The de facto leader of consumer electronics manufacturer Samsung has been sent back to jail for his role in bribing the now-former President of South Korea.
Lee Jae-yong, 52, vice-chairman of Samsung Electronics, was originally jailed after he was found guilty of bribery and embezzlement in 2017.
Mr Lee “actively provided bribes and implicitly asked the (then-South Korean President Park Geun-hye) to use her power to help his smooth succession” at the head of Samsung, the Seoul Central District Court said in its verdict.
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“It is very unfortunate that Samsung, the country’s top company and proud global innovator, is repeatedly involved in crimes whenever there is a change in political power,” the verdict added.
Mr Lee was effectively the head of Samsung since his father Lee Kun-hee became bedridden after a heart attack in 2014.
The older Mr Lee, who died in October last year, previously took over from his own father Lee Byun-chul, who founded the company in 1938.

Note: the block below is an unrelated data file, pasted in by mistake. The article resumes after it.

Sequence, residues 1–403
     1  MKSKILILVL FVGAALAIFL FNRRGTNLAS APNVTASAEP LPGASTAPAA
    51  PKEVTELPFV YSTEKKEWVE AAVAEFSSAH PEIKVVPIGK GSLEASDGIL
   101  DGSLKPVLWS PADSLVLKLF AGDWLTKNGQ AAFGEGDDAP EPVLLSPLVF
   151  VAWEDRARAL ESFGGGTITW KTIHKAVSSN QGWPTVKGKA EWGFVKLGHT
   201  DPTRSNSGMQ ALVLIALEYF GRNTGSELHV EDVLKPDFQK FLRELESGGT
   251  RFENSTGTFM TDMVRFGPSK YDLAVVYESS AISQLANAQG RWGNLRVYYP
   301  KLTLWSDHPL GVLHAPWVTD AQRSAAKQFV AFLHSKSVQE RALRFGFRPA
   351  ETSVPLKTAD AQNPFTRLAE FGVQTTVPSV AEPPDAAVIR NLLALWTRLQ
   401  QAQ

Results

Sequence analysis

The younger Mr Lee won’t be handing over top management roles to his children however, after making a public apology in May over company misconduct, when he promised they would not succeed him.
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Lee Kun-hee was also convicted of bribing former President Roh Tae-woo in 1996 but didn’t spend any time in jail.
His son has not been so lucky.
After originally being sentenced to five years in 2017, Mr Lee left jail the next year after an appeals court dismissed most of his bribery convictions and gave him a suspended sentence, but the Supreme Court later ordered he be retried.
On Monday, the court handed down its decision, sentencing him to 30 months in prison before he was immediately taken into custody.
The scandal highlighted connections between big business and politics in South Korea, with the ousted president and her friend accused of taking bribes from corporate higher-ups in exchange for preferential treatment.
In the past, leaders of South Korean conglomerates convicted of crimes such as tax evasion or bribery have been given presidential pardons in recognition of their economic role.
The Federation of Korean Industries said in a statement: “Considering Samsung’s share of the Korean economy and its status as a global company, the ruling is feared to have a negative impact on the overall Korean economy.”
Mr Lee, it added, “has been helping to sustain the Korean economy by spearheading bold investment and job creation amid the economic crisis over the coronavirus”.
— with AFP